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recommends that the labeling of a cosmetic product that contains an
AHA as an ingredient and that is topically applied to the skin or
mucous membrane, such as the lips, bear a statement that conveys the
Sunburn Alert: This product contains an alpha hydroxy acid
(AHA) that may increase your skin's sensitivity to the sun and
particularly the possibility of sunburn. Use a sunscreen, wear
protective clothing, and limit sun exposure while using this product and
for a week afterwards.
Based on industry-sponsored studies, the Cosmetic Ingredient Review
(CIR) Expert Panel — the industry's self-regulatory body for reviewing
the safety of cosmetic ingredients — concluded that products
containing the AHAs glycolic and lactic acid are safe for use by
This is 88% pure Lactic Acid. It must be diluted to appropriate concentrations for skin care application. Concentrations
in products greater than 30% with a pH of 3.0 or less are considered
professional strength and are only to be used by licensed professionals.
Lactic acid is milder than glycolic acid and applicable to those who are too sensitive to use the glycolic acids and helps to diminish fine lines, reduce pore size, smooth out skin texture.
How does it work?
Alpha-hydroxy acids are naturally occurring acids. Lactic acid is
derived from the fermentation of sour milk. This acid helps to dissolve
the "glue" that holds the keratinized skin cells together and increases
cell exfoliation and replacement. Lactic acid is a natural humectant,
which holds water in the upper layers of the skin increasing the skins
acid is a colorless or slightly yellow, syrupy liquid. It is naturally
formed by the fermentation of lactose, or milk sugar. Its name comes
from the Latin word "lac," which means milk. Commercially, lactic acid
can be made synthetically from chemicals or organically as a by-product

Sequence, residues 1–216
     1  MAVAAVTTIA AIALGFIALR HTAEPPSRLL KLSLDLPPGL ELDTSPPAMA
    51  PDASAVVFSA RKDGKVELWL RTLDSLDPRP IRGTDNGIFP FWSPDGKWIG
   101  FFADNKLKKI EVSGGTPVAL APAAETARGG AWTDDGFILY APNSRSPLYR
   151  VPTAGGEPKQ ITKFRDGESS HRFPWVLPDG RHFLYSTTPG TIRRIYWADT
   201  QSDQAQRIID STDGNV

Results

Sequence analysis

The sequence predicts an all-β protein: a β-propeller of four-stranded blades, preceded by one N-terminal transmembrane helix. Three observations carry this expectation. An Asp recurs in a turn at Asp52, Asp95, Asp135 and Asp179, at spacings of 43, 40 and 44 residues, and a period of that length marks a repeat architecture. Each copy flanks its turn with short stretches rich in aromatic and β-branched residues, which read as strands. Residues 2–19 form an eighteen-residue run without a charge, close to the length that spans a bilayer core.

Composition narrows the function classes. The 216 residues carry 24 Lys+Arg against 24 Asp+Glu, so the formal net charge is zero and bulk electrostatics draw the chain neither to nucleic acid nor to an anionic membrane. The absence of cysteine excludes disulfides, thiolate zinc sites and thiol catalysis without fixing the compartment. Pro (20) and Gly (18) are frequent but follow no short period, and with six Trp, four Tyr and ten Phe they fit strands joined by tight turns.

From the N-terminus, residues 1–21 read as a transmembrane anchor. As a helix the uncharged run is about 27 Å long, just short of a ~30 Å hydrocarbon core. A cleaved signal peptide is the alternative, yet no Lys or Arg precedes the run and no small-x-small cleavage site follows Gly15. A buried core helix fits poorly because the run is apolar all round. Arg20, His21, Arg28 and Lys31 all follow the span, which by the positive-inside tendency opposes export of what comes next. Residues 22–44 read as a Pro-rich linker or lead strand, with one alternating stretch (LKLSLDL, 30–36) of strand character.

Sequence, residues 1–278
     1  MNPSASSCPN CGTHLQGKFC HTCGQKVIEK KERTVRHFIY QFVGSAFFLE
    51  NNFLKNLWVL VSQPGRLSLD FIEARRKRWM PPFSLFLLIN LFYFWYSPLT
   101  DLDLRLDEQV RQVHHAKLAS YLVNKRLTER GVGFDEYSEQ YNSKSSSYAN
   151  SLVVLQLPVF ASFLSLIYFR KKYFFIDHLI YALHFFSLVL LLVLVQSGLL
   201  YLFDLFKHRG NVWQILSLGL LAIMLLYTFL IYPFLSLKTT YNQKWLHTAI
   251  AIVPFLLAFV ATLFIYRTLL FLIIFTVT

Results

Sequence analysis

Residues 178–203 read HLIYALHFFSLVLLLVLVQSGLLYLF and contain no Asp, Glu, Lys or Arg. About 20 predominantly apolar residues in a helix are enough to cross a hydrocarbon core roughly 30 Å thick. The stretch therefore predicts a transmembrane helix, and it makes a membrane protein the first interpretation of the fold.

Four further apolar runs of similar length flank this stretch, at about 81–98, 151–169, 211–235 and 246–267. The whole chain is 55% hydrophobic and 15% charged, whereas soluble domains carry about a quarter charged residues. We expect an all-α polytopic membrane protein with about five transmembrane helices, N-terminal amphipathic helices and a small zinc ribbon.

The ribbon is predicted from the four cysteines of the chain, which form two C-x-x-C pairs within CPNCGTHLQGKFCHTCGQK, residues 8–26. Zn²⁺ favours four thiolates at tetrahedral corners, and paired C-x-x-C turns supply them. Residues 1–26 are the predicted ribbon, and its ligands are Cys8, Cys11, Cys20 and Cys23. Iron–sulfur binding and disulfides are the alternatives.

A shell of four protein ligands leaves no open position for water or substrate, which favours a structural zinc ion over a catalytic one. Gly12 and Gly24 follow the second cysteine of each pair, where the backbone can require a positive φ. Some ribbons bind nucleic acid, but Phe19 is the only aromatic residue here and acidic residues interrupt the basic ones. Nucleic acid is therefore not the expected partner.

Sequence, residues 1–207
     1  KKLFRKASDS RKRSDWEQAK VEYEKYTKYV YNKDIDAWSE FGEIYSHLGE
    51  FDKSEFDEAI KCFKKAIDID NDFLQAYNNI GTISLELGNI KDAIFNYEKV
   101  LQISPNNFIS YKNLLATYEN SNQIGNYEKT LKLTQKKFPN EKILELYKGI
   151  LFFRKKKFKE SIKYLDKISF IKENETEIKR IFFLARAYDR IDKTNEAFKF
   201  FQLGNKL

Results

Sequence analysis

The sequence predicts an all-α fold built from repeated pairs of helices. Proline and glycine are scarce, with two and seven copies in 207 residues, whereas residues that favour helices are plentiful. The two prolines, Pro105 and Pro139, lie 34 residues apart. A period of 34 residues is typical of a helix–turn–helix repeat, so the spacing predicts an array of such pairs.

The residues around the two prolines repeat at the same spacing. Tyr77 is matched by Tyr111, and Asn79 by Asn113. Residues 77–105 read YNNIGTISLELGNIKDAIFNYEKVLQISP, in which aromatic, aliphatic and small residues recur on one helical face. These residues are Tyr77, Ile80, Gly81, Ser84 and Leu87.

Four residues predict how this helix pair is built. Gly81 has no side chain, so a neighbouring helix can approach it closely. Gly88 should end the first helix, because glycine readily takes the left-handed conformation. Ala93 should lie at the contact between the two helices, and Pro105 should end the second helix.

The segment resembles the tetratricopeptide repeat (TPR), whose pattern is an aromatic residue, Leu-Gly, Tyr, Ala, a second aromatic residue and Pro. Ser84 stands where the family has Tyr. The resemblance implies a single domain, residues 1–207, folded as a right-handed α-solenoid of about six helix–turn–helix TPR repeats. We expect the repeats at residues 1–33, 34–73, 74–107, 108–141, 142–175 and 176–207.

of vegetable (usually corn) fermentation. Lactic acid is a
widely used alpha hydroxy acid derived from sour milk that is far from a
new phenomenon. In fact, Cleopatra is said to have bathed in soured
milk to pamper her skin. Alpha hydroxy acids (AHAs) are naturally
derived ingredients used in a variety of skin care products and
cosmetics. Glycolic acid, malic acid, tartaric acid and citric acid are
other popular types of AHAs.
Lactic acid accelerates the sloughing process. As we age, our skin's
ability to shed dead skin cells is diminished, increasing the need for
specialized exfoliating products. Although less powerful than
retinol-the popular Vitamin A molecule used in skin care treatments and
peels-lactic acid has been heralded by many dermatologists and embraced
by the cosmetics industry. Lactic acid has shown to be a superior
exfoliant-peeling away the outer layers of dead skin, and revealing a
healthier glow. This peeling effect causes damaged layers of skin to
shed more rapidly, improving the texture of the skin- making it softer
and smoother while preventing build-up of skin cells in the pores.
Keeping skin at acid pH level, lactic acid works to limit the growth
of bacteria and spur the development of new cells. It works well on
conditions as diverse as acne and wrinkles, as its exfoliant properties
serve to eliminate dead cells regardless of their cause. Lactic acid is
also useful on the body as well as the face, softening tough areas such
as elbows and heels.
Sunscreens and makeup will last longer with the regular use of latic
acid, as it enhances the absorption of cosmetics, moisturizers and other
skincare products. The molecules in lactic acid are larger than in the
equally popular glycolic acid and although it doesn't penetrate into
skin as deeply, its gentle exfoliating action makes it a perfect choice
for regular use or those with extra sensitive skin.
CIR Review of Lactic Acid indicates it is approved for use at 10% or
less, at a final formulation pH no less than 3.5, when formulated to
avoid increasing sun sensitivity or when directions for use include the
daily use of sun protection. Because products formulated with AHAs can
increase sun sensitivity, the FDA requires specific labeling of products
which contain AHAs and do not include sunscreens.
Typical Usage Rate: 1 - 5% Soluble in water, alcohol and glycerin
The effect of this product varies based on the final product
thickness, pH and concentration. The pH, thickness and time since last
exposure of the skin to which it is being applied along with contact
time and frequency.
Naturally Derived from carbohydrate fermentation
Caution: Keep out of the reach of children and pets.
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